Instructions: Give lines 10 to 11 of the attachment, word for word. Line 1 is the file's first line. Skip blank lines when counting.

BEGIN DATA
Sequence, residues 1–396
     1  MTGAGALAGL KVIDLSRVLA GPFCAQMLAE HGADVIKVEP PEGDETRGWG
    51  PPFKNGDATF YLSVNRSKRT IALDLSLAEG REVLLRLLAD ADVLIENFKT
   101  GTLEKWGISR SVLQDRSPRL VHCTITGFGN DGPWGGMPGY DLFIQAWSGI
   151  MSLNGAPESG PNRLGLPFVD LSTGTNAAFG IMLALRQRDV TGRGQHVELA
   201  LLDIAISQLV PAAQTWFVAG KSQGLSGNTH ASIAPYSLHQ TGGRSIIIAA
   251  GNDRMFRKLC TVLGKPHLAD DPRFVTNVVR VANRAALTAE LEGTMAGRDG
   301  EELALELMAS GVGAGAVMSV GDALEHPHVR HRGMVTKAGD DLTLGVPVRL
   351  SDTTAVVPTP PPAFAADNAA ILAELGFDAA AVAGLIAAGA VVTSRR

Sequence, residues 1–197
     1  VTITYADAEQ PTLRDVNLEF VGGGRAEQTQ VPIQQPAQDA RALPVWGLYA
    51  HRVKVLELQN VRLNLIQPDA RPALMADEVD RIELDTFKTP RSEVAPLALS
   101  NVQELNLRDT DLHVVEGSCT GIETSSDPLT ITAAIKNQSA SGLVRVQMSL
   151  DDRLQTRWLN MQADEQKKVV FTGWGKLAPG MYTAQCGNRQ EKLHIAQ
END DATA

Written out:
Sequence, residues 1–197
     1  VTITYADAEQ PTLRDVNLEF VGGGRAEQTQ VPIQQPAQDA RALPVWGLYA